Mayor Bloomberg held his last bill signing Monday as opponents literally blew smoke.

Two protesters lit up cigarettes in the City Hall Blue Room as Bloomberg signed a ban on indoor use of e cigarettes and a raft of other measures on his next to last day in office.

Jefferson Siegel/New York Daily News City Council Member James Gennaro (right), of Queens, and his daughter, Christina, 18, present Mayor Bloomberg with going away gifts, including a cake, at his final bill signing in City Hall Monday.

Good people disobey bad laws, said Audrey Silk, founder of the group Citizens Lobbying Against Smoker Harassment, lighting up in defiance of the indoor smoking ban.

A security guard grabbed the cigarette away from Silk as she and another man who started smoking in the audience were ushered out.

Jefferson Siegel/New York Daily News Mayor Bloomberg signed 22 bills into law Monday, including a ban on indoor use of e cigarettes, a ban on Styrofoam and a bill to create a database to track Hurricane Sandy recovery spending.

Bloomberg seemed nonplussed by the protest. We just don t permit smoking in public buildings, he said. I think it s time to leave. Thank you very much.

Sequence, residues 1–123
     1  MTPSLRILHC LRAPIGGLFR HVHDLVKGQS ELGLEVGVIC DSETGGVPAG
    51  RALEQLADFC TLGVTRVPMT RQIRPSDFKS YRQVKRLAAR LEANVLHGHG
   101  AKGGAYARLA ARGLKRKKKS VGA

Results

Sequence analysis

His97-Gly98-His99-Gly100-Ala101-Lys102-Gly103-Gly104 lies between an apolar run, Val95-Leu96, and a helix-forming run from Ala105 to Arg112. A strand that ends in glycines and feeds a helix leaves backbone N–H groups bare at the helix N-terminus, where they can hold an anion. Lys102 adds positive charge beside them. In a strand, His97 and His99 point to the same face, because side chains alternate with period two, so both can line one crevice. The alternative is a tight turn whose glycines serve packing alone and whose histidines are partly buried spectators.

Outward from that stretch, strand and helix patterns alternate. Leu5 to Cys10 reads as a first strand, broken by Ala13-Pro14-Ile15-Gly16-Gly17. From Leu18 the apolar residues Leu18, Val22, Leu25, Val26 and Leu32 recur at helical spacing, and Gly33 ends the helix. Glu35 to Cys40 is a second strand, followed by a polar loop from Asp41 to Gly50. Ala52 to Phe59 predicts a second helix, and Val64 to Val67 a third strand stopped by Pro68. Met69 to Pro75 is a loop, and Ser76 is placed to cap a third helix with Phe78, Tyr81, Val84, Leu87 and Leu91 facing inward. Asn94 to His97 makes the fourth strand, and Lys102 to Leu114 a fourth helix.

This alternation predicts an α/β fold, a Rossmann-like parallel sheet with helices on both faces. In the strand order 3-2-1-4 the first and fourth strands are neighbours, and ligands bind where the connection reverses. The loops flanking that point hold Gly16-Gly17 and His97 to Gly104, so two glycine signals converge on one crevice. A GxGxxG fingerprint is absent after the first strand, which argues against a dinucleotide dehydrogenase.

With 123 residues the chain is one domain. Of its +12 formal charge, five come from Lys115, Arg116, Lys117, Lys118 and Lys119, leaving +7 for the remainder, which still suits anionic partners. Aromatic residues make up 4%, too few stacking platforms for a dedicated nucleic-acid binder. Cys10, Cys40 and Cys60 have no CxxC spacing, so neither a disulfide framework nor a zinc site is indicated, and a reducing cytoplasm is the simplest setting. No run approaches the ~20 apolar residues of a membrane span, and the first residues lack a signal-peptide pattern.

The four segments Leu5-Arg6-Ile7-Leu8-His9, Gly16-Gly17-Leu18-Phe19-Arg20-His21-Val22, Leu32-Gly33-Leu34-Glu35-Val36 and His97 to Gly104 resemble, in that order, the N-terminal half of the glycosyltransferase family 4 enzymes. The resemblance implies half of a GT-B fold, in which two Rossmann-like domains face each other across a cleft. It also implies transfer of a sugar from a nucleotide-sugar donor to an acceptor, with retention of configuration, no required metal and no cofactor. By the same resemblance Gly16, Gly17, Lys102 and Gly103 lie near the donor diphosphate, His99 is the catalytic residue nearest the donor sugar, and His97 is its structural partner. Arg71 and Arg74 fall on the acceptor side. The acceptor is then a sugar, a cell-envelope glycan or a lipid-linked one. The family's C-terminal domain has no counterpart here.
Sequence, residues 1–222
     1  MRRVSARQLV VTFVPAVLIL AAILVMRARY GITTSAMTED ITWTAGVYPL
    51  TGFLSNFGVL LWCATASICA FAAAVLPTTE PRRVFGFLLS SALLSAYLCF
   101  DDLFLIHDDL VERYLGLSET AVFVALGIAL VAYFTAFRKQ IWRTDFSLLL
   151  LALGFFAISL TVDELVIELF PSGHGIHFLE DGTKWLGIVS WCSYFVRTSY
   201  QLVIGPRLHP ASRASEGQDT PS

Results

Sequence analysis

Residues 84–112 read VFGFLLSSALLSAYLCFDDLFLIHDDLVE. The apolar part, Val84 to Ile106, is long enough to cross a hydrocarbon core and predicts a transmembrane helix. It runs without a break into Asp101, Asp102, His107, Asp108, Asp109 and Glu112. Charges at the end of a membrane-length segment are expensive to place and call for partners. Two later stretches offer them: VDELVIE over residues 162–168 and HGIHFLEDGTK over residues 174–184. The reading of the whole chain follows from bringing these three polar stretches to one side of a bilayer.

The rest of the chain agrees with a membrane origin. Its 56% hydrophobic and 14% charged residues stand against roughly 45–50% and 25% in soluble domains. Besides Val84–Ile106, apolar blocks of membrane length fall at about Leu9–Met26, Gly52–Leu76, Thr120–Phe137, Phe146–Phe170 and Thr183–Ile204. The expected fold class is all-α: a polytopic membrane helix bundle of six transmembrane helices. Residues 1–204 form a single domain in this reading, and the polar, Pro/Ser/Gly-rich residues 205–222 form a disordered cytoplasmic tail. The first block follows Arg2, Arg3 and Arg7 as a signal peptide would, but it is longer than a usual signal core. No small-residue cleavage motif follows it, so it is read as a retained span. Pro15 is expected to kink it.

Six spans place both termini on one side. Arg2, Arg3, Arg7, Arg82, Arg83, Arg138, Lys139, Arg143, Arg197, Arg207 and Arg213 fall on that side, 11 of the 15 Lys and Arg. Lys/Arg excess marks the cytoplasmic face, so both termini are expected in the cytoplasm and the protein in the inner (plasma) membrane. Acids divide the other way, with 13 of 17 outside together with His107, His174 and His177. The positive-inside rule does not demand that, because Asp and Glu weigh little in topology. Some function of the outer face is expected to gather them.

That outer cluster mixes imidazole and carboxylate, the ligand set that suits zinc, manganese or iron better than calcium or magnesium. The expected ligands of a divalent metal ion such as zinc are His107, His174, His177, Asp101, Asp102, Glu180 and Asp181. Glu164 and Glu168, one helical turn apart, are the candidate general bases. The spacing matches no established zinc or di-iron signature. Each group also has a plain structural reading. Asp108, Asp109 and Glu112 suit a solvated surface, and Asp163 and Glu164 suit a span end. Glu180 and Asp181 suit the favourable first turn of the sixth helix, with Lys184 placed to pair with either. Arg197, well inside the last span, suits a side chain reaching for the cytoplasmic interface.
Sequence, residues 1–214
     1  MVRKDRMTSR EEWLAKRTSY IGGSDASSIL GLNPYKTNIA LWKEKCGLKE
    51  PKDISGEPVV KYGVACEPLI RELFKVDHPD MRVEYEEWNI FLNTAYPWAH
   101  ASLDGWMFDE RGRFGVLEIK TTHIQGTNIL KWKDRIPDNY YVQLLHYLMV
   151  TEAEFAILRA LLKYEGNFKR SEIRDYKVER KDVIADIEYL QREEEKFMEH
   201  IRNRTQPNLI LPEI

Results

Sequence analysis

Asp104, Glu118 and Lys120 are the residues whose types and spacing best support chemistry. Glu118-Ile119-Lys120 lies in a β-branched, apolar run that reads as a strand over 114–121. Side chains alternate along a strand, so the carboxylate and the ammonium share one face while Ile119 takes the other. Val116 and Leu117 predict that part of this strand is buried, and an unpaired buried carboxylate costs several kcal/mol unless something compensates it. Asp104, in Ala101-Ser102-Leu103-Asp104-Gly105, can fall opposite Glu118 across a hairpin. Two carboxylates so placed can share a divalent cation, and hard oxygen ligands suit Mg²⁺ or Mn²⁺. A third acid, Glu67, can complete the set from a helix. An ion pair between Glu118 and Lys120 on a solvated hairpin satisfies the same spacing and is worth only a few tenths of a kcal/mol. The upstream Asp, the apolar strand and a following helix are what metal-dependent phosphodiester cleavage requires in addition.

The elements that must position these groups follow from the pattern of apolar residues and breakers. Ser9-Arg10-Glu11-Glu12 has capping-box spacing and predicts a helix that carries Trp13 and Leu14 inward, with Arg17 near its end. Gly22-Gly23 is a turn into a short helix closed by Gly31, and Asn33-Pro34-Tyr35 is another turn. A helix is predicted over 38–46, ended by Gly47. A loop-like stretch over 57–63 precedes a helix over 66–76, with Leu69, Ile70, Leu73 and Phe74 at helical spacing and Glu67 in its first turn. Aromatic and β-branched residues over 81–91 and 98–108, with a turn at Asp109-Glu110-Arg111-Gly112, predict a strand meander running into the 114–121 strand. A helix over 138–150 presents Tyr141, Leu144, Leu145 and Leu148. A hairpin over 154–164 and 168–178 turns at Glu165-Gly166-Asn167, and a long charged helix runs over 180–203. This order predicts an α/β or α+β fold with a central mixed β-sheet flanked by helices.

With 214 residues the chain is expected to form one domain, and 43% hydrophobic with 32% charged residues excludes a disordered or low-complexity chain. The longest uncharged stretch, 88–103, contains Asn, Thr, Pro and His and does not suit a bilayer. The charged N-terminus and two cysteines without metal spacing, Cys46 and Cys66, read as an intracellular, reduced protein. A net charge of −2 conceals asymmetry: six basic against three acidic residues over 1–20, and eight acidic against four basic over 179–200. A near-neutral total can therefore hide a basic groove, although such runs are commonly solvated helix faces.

Bloomberg signed 22 bills into law Monday bringing his total to 883 bills signed in his 12 years in office. He s vetoed 68 bills, and 65 of the vetoes have been overridden by the City Council.

Jefferson Siegel/New York Daily News Mayor Bloomberg (center) gets a taste of a going away cake presented to him by City Council Member James Gennaro (right), of Queens, and his daughter, Christina, 18, Monday.

This administration and the City Council together have every reason to be proud of what we ve done for the last 12 years, he said.

Besides the e cigarette bill, Monday s legislation included a ban on Styrofoam and a bill to create a database to track Hurricane Sandy recovery spending. Bloomberg s very last bill renamed six city streets.